"Bi-fuel": Brazil defends bioethanol.
Soaring prices per barrel of oil are changing the behavior of Brazilian consumers who are looking for alternatives to the petrol car and are increasingly opting for “bi-fuel” vehicles (petrol / alcohol).
In September, one car in three sold in Brazil (32%) was already bi-fuel or "flex fuel", against only 4,3% in 2002, said the association of car manufacturers (Anfavea).
This new technology allows a vehicle to run on petrol only, alcohol only (ethanol, a biofuel based on sugar cane), or a mixture of the two.
Renault is the fourth car manufacturer to have attempted the flex fuel, less polluting technology adventure, to equip its models after Wolkswagen (in March 2003), General Motors (June 2003) and Fiat this year. The Peugeot-Citroën PSA group promises to start dancing in 2005.
Renault has just presented its “Clio Hi-Flex” at the Sao Paulo motor show.
“The client finds a freedom he did not have. Depending on the price at the pump, the customer can choose any petrol-alcohol ratio. The car software adapts the mix to the engine, ”said the company's product manager, Alain Tissier.
"Renault took a little longer because it had never had an alcoholic engine but today its flex fuel technology is 100% Renault," he added.
According to him, since alcohol has "aggressive chemical characteristics", the rubber hoses, for example, have been reinforced.
“There is therefore no problem of durability and the customer uses petrol or alcohol according to price variations. This has an immediate effect on his portfolio. The bill for refueling is 300 reais (94 euros) and 180 for flex fuel (56 euros) ”.
Brazil can now, according to Tissier, export technology, cars and ethanol, which represents "new data for Brazil's sustainable and renewable energy matrix".
According to Anfavea, this year, 218.320 bi-fuel cars were manufactured in the country and 35.497 with alcohol. In 2005, half a million flex fuel cars, all brands combined, will be sold in the country.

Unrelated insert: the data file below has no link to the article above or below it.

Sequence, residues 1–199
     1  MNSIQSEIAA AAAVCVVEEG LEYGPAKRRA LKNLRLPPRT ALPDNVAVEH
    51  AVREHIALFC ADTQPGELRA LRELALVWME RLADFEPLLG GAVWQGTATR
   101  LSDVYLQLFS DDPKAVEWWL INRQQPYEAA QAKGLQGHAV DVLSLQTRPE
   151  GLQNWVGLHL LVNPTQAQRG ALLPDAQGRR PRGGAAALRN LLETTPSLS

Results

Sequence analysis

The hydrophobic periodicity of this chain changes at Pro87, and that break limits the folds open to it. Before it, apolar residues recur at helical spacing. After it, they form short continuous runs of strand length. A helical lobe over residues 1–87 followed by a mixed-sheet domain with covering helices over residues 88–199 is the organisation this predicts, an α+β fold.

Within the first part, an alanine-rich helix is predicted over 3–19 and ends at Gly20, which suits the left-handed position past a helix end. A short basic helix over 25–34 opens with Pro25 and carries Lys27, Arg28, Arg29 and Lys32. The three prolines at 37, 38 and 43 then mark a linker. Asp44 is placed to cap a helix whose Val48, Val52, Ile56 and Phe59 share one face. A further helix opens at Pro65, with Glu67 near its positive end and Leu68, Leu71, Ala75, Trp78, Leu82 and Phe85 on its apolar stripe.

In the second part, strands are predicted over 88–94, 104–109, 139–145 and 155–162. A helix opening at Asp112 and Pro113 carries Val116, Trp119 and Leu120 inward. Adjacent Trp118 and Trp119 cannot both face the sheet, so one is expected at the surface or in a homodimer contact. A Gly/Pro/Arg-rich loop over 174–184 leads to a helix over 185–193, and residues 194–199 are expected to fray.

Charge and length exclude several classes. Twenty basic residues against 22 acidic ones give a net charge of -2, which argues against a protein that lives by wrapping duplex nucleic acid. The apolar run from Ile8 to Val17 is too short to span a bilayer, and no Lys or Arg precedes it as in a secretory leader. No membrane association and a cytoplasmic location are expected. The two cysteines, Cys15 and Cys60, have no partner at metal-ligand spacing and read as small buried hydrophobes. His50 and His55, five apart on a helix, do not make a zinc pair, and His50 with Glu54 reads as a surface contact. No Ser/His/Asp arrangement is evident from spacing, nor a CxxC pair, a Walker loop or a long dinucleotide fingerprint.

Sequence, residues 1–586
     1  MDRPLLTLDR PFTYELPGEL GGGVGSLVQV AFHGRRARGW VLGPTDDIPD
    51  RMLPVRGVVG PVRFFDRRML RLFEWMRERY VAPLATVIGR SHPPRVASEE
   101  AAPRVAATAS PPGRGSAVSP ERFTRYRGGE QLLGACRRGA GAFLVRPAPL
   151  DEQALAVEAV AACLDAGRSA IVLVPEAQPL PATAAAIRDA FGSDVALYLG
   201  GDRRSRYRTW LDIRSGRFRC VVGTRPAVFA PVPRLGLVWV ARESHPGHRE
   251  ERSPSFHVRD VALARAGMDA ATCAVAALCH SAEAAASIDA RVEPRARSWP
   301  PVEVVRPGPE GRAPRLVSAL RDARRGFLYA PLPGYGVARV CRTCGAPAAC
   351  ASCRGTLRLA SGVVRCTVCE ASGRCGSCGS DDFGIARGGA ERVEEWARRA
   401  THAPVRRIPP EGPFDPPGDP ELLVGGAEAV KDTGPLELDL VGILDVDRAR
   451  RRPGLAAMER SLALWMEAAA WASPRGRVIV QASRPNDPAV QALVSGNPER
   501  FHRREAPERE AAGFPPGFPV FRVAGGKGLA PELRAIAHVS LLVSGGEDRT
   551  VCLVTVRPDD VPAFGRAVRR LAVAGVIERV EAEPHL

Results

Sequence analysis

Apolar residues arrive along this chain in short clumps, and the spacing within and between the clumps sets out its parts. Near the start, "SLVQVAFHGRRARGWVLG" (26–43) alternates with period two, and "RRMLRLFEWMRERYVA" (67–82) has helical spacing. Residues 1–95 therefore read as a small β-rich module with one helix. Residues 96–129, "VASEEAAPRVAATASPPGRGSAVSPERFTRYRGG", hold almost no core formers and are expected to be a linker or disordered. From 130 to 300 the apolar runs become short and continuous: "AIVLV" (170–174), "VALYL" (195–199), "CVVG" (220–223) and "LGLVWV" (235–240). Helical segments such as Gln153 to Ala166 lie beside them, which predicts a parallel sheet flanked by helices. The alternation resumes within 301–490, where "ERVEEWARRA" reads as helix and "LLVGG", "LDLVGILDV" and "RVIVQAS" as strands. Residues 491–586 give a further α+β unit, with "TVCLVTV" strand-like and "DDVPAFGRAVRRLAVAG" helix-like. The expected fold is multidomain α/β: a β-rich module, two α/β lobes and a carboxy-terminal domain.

Since the launch of dual-fuel cars, the share of alcohol-only cars, which was 5,1% in January 2003 of Brazil's total sales, rose to 24,4% in April 2004.
This is still very little compared to the 1980s when 90% of the cars produced in Brazil ran on alcohol. But at the time, producers preferred to use sugar cane for the production of sugar for export, causing a supply crisis.
Now, with this flexible system, the user will no longer suffer from the lack of one or the other fuel, bet the car manufacturers, especially since there is also the gas alternative.
"We are at the beginning of the end of the oil era," sums up Roslaino Fernandes, vice-president of the Latin American gas association.
Brazil has the second largest fleet of vehicles using natural gas (NGV) in the world, with 770.000 vehicles, behind Argentina which has 1,2 million (13% of the fleet). The economy is almost 60% compared to petrol, according to Francisco Barros, manager of the Ipiranga vehicle gas department.
In September the conversion of petrol engine to gas engine increased by 15% in Brazil and 52% in Rio, according to the Brazilian petroleum institute. In Rio, 80% of the fleet of 35.000 taxis already run on gas, according to the Taxis union.
While the current fleet of CNG represents 3,3% of the country's total, forecasts are that at least 1,7 million vehicles will be reached in 2009, or 7% of the total number of cars.